Dear Senator Wyden, Representative Issa, and Representative Chaffetz, I write on behalf of the Library Copyright Alliance (LCA), which consists of three major library associations—the American Library Association, the Association of College and Research Libraries, and the Association of Research Libraries—that collectively represent over 139,000 libraries in the United States employing over 350,000 librarians and other personnel. We welcome your release of a discussion draft bill to address the problem of foreign infringing websites. Your effort to make the discussion draft available to the public for comment represents a positive model for public participation in the legislative process. Also, substantively, the draft bill represents a measured approach to enforcement of US copyrights on the global Internet. A Measured Approach to Foreign Rogue Sites LCA welcomes the discussion draft’s measured approach to stopping copyright infringement on foreign websites. Foreign sites dedicated to copyright infringement pose a unique challenge to US copyright holders: such sites are beyond the jurisdiction of US courts and do not respond to notice-and-takedown requests sent pursuant to the Digital Millennium Copyright Act. There is considerable controversy over a host of related issues, however. A bill that wades into these issues could upset the delicate balance of US copyright policy, which allows free speech, free inquiry, and free enterprise to flourish online while giving copyright holders appropriate powers to protect their interests. Bills that involve DNS blocking, or that threaten domestic sites with new liabilities, place important values at risk that need not be implicated in the fight against foreign rogue sites. Your discussion draft bill deftly avoids these traps by taking a focused, follow-the-money approach that would dry up crucial funding sources for rogue sites without compromising the security of the web or changing the law for domestic Internet users and service providers. It places the problem of foreign infringing sites in proper context as primarily an international trade issue, and locates authority to address it with the International Trade Commission, which has expertise in adjudicating disputes involving foreign infringers. Open, Transparent, and Inclusive Process LCA welcomes the open and transparent process you have initiated by sharing a discussion draft of the Online Protection and Enforcement of Digital Trade (OPEN) Act on the Internet for all interested stakeholders to assess and discuss. We are pleased to see members of Congress acting on a principle that libraries champion: the Internet offers powerful new ways for citizens to learn about and participate in their society and in their government. Legislation that affects this broad, democratizing platform should be subject to an equally broad and open discussion, and it is fitting that the Internet itself makes that discussion possible. Thank you for inviting the public to engage in this important conversation. We look forward to working with you on this issue. http://www.librarycopyrightalliance.org/bm~doc/lca_letteropenact_12dec11.pdf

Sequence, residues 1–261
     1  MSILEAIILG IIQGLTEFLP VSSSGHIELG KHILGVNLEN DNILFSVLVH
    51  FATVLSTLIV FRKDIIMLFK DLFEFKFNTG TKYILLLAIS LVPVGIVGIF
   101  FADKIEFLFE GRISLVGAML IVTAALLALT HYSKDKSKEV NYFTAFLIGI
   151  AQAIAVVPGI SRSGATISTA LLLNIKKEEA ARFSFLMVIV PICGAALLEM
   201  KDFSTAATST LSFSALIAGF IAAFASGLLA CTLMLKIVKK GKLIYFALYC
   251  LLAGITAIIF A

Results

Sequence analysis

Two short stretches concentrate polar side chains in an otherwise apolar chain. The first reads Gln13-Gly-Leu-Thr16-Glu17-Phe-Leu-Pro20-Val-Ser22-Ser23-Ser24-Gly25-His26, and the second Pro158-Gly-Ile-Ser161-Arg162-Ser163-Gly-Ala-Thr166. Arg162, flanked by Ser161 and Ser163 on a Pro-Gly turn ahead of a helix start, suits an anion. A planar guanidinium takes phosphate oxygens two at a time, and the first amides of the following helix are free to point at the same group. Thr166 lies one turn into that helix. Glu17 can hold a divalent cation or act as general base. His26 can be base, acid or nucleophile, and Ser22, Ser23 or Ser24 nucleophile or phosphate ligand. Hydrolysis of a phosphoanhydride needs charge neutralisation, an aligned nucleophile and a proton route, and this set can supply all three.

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Dear Senator Wyden, Representative Issa, and Representative Chaffetz, I write on behalf of the Library Copyright Alliance (LCA), which consists of three major library associations—the American Library Association, the Association of College and Research Libraries, and the Association of Research Libraries—that collectively represent over 139,000 libraries in the United States employing over 350,000 librarians and other personnel. We welcome your release of a discussion draft bill to address the problem of foreign infringing websites. Your effort to make the discussion draft available to the public for comment represents a positive model for public participation in the legislative process. Also, substantively, the draft bill represents a measured approach to enforcement of US copyrights on the global Internet. A Measured Approach to Foreign Rogue Sites LCA welcomes the discussion draft’s measured approach to stopping copyright infringement on foreign websites. Foreign sites dedicated to copyright infringement pose a unique challenge to US copyright holders: such sites are beyond the jurisdiction of US courts and do not respond to notice-and-takedown requests sent pursuant to the Digital Millennium Copyright Act. There is considerable controversy over a host of related issues, however. A bill that wades into these issues could upset the delicate balance of US copyright policy, which allows free speech, free inquiry, and free enterprise to flourish online while giving copyright holders appropriate powers to protect their interests. Bills that involve DNS blocking, or that threaten domestic sites with new liabilities, place important values at risk that need not be implicated in the fight against foreign rogue sites. Your discussion draft bill deftly avoids these traps by taking a focused, follow-the-money approach that would dry up crucial funding sources for rogue sites without compromising the security of the web or changing the law for domestic Internet users and service providers. It places the problem of foreign infringing sites in proper context as primarily an international trade issue, and locates authority to address it with the International Trade Commission, which has expertise in adjudicating disputes involving foreign infringers. Open, Transparent, and Inclusive Process LCA welcomes the open and transparent process you have initiated by sharing a discussion draft of the Online Protection and Enforcement of Digital Trade (OPEN) Act on the Internet for all interested stakeholders to assess and discuss. We are pleased to see members of Congress acting on a principle that libraries champion: the Internet offers powerful new ways for citizens to learn about and participate in their society and in their government. Legislation that affects this broad, democratizing platform should be subject to an equally broad and open discussion, and it is fitting that the Internet itself makes that discussion possible. Thank you for inviting the public to engage in this important conversation. We look forward to working with you on this issue. http://www.librarycopyrightalliance.org/bm~doc/lca_letteropenact_12dec11.pdf